Shown here is a SEM-XRF element map of a mantle garnet-spinel peridotite from the diamond-bearing Newlands kimberlite (South Africa, Kaapvaal Craton). The intensity of the various elements indicates certain minerals that are present in the sample; for example Ca (green) – clinopyroxene; Cr (blue) – chromite; Al (yellow) – garnet, and K (orange) for metasomatism. The thin section was analysed using the MicroXRF on SEM. The sample is approximately 3 cm x 2 cm and was analysed as a single frame. A full spectrum for each pixel allows further offline processing such as adding elements, spectra extraction out of the map, quantification of the map or auto phase.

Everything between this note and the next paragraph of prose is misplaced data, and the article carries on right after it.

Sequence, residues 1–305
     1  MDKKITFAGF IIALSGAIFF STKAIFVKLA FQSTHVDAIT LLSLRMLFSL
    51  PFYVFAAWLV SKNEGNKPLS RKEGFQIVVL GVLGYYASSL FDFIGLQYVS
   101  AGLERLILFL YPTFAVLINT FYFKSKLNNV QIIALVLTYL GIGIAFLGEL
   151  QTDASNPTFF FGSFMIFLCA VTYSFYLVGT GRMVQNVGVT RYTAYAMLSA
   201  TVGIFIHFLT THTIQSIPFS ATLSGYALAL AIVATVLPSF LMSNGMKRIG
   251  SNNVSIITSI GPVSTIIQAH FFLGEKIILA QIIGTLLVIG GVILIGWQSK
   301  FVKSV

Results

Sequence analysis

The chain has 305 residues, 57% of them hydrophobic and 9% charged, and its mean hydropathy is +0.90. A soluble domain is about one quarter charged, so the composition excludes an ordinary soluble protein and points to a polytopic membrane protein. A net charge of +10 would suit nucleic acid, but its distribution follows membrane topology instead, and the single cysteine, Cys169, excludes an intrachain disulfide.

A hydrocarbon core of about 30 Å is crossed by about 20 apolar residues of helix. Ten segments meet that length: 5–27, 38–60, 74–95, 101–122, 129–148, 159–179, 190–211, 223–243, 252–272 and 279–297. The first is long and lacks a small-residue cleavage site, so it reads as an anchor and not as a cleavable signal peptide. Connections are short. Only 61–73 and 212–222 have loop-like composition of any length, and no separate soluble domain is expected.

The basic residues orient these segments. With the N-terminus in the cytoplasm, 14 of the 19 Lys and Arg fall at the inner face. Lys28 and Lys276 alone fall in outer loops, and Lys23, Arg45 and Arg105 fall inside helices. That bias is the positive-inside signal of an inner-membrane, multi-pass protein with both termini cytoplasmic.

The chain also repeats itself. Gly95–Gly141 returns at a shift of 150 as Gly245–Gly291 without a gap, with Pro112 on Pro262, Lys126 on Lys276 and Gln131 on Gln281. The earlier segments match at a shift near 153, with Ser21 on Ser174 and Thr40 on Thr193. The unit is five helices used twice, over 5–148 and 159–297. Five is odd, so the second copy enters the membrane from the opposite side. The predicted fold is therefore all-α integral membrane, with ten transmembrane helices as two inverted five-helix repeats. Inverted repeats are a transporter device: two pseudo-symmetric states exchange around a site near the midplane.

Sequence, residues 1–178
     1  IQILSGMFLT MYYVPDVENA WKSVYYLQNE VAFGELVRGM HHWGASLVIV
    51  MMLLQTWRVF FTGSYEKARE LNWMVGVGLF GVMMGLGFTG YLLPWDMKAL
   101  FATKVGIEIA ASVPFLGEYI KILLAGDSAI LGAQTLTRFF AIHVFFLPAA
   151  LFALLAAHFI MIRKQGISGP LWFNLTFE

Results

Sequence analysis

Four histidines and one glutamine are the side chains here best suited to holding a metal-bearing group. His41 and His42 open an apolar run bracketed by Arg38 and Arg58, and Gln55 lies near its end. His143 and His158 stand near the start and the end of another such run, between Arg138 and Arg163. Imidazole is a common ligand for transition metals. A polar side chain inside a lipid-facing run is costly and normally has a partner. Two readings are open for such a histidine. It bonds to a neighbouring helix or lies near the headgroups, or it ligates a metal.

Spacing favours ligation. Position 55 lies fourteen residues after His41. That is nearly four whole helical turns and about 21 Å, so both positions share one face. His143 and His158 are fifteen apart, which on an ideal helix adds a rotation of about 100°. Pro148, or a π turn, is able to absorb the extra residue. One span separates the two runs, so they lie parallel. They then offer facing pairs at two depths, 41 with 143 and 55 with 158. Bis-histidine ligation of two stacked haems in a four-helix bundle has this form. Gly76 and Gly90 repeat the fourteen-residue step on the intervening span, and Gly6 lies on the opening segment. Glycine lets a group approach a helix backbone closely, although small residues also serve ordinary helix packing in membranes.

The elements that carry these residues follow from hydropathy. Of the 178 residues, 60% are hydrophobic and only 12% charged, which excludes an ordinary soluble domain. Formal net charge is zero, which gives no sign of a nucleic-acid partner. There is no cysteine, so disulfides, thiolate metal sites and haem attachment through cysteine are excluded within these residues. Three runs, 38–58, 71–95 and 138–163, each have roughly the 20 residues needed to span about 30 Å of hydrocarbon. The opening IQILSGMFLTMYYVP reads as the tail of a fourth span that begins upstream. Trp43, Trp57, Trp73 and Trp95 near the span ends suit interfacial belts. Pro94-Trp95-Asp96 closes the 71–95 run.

The micro-XRF data has the advantage of identifying high energy X-ray lines as well as trace elements within the sample. The micro-XRF is a small spot analysis (around 35 micrometers), albeit larger than an electron beam. The interaction volume is much greater than that of an e-beam, and is element and sample matrix dependent. Consequently, the 2D elemental map may yield differences between the e-beam and the X-ray generated maps. The lower spectral background allows the detection of trace elements that is not possible with electron beam. Sample preparation requirements are different; for example there are no charging effects and accordingly no sample coating. In addition, because of the information depth there is no need for high-quality polish. Furthermore, a rough sample can be analysed as long as it has a planar surface. The quantification can be standardless or standard-based.